'D.C. Housewives,' get real: You're no Michelle Obama

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U.S. first lady Michelle Obama and daughter Sasha had lunch with Spain's king and queen on Sunday at the royal family's holiday retreat on the resort island of Mallorca in the Mediterranean.

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By Courtland Milloy
Monday, August 9, 2010

So, first lady Michelle Obama leaves town for a vacation in Spain -- and in come these tawdry Washington housewives, dominating public discourse and TV ratings, pretending to take her place.

"Meet D.C.'s First Ladies," read a promo for Bravo's "The Real Housewives of D.C," whose TV debut last week drew an estimated 1.6 million viewers, "making it that market's No. 1 most watched show in all of television -- broadcast and cable -- in the 9 p.m. time period based on household ratings."

During a news break, we got but a glimpse of Obama, radiant and sophisticated, touring the Alhambra palace in Granada with youngest daughter Sasha. Then it was back to our regularly scheduled programmed descent to the bottom of the cultural barrel.

Talk about not missing your water until the well runs dry. I certainly won't be taking Obama for granted anytime soon.

According to Bravo, one of the show's five wannabe first ladies had distinguished herself by penning "a book about her 'racy' escapades as a charismatic, single woman living in London called 'Inbox Full.' " Another was noted for being "a divorced mother of four who consults her astrological chart daily, and couldn't be bothered to get married again, but has found love with her much younger boyfriend, Ebong."

Meet the District's first cougars, it sounds like to me.

Meanwhile, the real first lady is out charming the world, an ambassador of goodwill wherever she goes. Nothing but love and respect for her during visits to Mexico, Russia, Haiti and Spain.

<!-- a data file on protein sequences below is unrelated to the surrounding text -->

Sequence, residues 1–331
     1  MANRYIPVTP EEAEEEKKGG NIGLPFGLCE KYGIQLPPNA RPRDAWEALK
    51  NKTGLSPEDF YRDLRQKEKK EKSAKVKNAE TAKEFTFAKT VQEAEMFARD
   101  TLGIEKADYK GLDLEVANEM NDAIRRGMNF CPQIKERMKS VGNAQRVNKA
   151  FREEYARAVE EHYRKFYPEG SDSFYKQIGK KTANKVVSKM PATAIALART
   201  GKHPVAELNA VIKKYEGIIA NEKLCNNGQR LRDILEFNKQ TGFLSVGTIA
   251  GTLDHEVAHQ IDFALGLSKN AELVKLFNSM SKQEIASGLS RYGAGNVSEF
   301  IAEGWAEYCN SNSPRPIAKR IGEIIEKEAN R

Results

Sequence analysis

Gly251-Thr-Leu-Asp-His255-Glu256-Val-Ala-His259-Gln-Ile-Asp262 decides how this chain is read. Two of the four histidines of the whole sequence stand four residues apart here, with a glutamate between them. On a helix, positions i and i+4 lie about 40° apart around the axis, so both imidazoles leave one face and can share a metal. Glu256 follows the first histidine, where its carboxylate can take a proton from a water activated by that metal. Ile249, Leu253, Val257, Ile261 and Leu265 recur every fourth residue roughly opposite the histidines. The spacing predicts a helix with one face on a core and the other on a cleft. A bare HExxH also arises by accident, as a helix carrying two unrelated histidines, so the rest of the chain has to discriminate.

That has to be at least part of the reason perceptions of U.S. leadership worldwide have improved so much since the Obamas moved into the White House -- up from 34 percent in 2008 under the Bush administration to 51 percent in 2009, according to the U.S. Global Leadership Project.

Perceptions of her at home, however, aren't always so favorable. It seems that no good deed by the first lady goes unpunished -- whether noticed at all.

Her campaign against childhood obesity -- which affects one in three U.S. children -- gets criticized as being driven by vanity and a misperception about weight, beauty and fitness. Now that just takes the cake.

Then there's the outright disrespect and racism that she's been subjected to as the nation's first black first lady. Last year, for example, a prominent Republican activist from South Carolina called an escaped zoo gorilla one of Obama's ancestors.

You know what makes a housewife desperate? Being married to sick-minded men like that.

"One of the lessons that I grew up with was to always stay true to yourself and never let what somebody else says distract you from your goals," Obama said in an interview with Marie Claire magazine last year. "And so when I hear about negative and false attacks, I really don't invest any energy in them, because I know who I am."

Now that's real class -- unlike the made-for-TV response by Stacie Scott Turner, the black D.C. housewife disrespected by Catherine Ommanney, the show's snarkiest blonde.

"By now you have seen episode one, and probably think that I am not a fan of Cat's," Turner wrote on her blog. "Well, she was an outspoken, uncouth first-time dinner guest in my home who made negative comments about two people for whom I have a tremendous amount of respect (i.e. my President and Tyra Banks, a successful businesswoman). I've been bombarded with questions about her and her motivation. Is she racist? ABSOLUTELY NOT! The two people mentioned just happen to be black."

Turner bent over so far backward to excuse Cat that she ended up kissing her own behind.

Obama frequently advises young women and girls to steer clear of people like that.

"Part of being a mature and functioning adult in this society is realizing that life is a series of trade-offs," she recently told high school graduates in Southeast Washington. "If you want a life free from drama, then you can't hang out with people who thrive on drama. You have to pick your friends wisely."

The first lady and Sasha were due back in Washington on Sunday. Welcome home. But you might want to check the cellar for strays.


© 2010 The Washington Post Company

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